Data integration issues still impede digital progress, survey shows

Survey says data integration is more of a struggle than ever. Standards to the rescue?
Written by Joe McKendrick, Contributing Writer

The foundation of a digitally savvy enterprise is data, and lots of it, coming from all corners, and having the right data at the right time being digested and turned into insights that guide both humans and machines to make the right things happen. But organizations are still fumbling in their efforts to bring it all together. Cloud services help -- but only go so far, and may even complicate things even more. 

Photo: Joe McKendrick

That's the word from a recent survey of 1,400 executives released by Progress, which finds data integration to be the number-one challenge to enterprises seeking to expand their digital repertoire. Close to half of respondents pinpoint ever-increasing disparate data sources as a major pain point. Another 44 percent of respondents are worried about integrating cloud data with on-premises data. 

While Progress, a provider of data integration tools, has an obvious stake in reporting these results, the findings point to a pain point that doesn't get addressed enough amidst all the talk of the glorious digital and AI revolution. Sort of akin to building the first automobiles without figuring out ways to refine gasoline from oil sludge. 

Data is streaming in from an ever-growing number of "data sources, hybrid environments, constantly evolving APIs and new, disruptive data types," the report's authors state. Each data source "has a unique set of APIs, and 47 percent of survey respondents pointed to integrating all these sources as their most challenging task. Another 44 percent agree that the biggest challenge is incorporating all relevant data across an ever-increasing number of cloud, database with on-premises database. The rapid advancement of social media and IoT contribute greatly to soaring volume of data circulating in the networks, especially with the rise number of connected devices. And 35 percent are worried about the volume of data they're trying to handle."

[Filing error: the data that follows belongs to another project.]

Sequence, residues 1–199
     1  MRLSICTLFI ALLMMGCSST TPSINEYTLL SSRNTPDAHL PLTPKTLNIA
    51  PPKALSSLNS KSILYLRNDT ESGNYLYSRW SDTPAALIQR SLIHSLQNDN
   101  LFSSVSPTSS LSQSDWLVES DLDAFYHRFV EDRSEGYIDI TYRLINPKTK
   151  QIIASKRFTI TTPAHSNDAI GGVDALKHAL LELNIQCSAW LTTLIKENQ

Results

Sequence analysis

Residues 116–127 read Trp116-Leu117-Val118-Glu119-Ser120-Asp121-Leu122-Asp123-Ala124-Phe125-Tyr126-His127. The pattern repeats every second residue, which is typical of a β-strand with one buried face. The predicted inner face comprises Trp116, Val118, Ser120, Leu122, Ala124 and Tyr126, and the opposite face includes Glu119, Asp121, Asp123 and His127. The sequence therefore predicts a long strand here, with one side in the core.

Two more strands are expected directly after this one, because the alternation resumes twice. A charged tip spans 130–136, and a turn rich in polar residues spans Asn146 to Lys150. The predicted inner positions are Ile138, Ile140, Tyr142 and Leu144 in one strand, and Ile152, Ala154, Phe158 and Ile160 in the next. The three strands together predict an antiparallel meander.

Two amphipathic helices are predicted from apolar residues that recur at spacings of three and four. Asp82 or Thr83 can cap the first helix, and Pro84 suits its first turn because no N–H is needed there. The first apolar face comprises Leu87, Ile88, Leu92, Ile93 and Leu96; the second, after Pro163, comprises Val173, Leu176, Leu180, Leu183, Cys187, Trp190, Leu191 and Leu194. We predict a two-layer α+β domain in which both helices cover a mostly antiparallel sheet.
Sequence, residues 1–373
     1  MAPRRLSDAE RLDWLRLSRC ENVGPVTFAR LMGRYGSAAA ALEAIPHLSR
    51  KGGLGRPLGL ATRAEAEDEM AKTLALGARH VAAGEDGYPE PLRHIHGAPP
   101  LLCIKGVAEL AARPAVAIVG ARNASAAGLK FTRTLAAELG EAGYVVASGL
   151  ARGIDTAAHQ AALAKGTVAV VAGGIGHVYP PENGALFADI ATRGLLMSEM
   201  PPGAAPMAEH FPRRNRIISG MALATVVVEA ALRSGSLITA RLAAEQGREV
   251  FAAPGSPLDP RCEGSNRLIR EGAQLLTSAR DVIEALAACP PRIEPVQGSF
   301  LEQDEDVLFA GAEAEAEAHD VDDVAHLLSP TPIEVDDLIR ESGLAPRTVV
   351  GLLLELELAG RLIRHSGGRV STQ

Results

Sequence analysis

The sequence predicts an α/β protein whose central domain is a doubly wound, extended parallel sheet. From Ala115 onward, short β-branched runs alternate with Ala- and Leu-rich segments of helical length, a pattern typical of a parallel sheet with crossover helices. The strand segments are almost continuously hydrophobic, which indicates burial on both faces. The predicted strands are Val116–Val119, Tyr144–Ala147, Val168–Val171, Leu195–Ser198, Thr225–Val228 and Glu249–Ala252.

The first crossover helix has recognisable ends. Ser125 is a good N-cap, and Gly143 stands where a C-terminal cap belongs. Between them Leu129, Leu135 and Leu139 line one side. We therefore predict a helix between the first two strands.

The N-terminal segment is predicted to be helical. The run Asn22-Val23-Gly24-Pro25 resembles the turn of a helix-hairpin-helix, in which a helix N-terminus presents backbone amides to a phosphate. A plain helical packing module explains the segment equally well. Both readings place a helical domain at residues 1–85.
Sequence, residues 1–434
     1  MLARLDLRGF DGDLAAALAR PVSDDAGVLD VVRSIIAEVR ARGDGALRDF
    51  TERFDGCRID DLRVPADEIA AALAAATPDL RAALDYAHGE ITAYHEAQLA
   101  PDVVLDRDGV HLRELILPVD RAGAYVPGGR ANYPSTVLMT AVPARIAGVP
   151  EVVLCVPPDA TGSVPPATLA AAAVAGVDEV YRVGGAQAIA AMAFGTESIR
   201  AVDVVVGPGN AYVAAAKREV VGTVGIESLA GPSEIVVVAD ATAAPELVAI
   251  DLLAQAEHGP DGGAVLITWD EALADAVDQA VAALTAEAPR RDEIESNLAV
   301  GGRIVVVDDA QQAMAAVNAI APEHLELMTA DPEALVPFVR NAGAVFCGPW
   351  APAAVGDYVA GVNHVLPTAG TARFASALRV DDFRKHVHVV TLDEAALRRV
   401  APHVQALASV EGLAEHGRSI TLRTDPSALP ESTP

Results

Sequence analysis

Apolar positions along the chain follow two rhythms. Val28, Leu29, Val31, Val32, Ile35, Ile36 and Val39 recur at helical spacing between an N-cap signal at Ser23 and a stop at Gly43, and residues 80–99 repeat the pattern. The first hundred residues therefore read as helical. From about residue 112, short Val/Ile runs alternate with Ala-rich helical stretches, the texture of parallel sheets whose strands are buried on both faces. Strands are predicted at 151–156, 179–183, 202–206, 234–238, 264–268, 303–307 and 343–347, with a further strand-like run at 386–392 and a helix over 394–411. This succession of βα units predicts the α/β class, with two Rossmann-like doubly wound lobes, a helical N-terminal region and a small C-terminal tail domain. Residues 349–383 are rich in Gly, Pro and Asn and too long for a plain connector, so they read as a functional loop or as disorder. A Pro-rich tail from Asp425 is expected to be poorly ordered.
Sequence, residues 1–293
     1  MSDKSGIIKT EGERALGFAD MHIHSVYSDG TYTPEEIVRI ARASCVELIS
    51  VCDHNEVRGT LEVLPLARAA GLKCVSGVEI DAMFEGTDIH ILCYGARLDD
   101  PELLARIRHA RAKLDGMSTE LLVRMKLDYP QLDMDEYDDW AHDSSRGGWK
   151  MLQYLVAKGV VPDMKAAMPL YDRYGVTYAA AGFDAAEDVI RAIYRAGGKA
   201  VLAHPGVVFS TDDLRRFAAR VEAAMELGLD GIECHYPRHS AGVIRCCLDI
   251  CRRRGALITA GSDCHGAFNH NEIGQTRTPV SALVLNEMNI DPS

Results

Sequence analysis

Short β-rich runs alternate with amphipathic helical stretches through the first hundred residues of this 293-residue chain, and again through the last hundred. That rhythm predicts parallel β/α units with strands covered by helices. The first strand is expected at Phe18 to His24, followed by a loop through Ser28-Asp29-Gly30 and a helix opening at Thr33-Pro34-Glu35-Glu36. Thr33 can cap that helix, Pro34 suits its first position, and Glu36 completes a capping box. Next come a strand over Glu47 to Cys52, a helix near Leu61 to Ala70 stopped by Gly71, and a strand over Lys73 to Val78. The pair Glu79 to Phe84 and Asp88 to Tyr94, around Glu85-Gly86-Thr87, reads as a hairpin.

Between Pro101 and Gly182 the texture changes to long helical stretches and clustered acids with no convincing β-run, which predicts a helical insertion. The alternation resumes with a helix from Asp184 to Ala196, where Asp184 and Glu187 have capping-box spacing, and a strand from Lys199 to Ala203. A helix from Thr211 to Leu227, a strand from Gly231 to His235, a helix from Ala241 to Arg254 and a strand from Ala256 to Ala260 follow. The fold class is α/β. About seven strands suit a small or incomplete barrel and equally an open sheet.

Greatest Data Integration Challenges 

  • Data spread across an increasing number of data sources   47% 
  • Integrating cloud data with on-premises data   44% 
  • Data veracity - data inconsistency, data uncertainty, ambiguous data, incomplete data etc.   36% 
  • Data volume - big data, IoT, social media, enterprise data    35% 
  • Data velocity - batch, near real-time, real-time, streaming etc.   32% 
  • Data variety - structured, unstructured, semi-structured    31% 

So, what to do? Standardization offers the best hope, and there has been an increasing embrace of some key ones-- especially REST. Organizations are increasingly adopting standard SQL and REST data access standards for easier and faster connectivity to disparate data from BI, reporting and ETL tools, while ensuring interoperability and compatibility with existing systems, the survey's authors report. "While ODBC remains at the top of the SQL heap and is expected to gain further share, the move from SOAP to REST is significant. REST-specifically OData-is expected to see the most growth in adoption over the next two years." The survey report authors are especially keen on the potential of the OData (Open Data Protocol) standard, which defines a set of best practices for building and consuming RESTful APIs.  

Data Access Interfaces Used Now, and Planned for Adoption in the Next 2 Years

  • ODBC   58%  (1%) 
  • REST   54%   5%)
  • JDBC    48%   (1%)
  • SOAP   40%   (2%)
  • ADO.NET  31%   (1%)
  • Native Database Access   28%   (1%)
  • XQuery   10%   (2%)
  • XPath    10%   (1%)
  • OData    8%   (3%)

The survey also tracked cloud adoption, finding the leader, Amazon Web Services, employed by 44 percent  (up 12 percent over the previous year's survey); Microsoft Azure, present at 39 percent of sites  (up seven percent) ; and VMware at 22 percent. Another growing cloud platform is Google Cloud, used by 18 percent and up three percent over the previous year. 

Editorial standards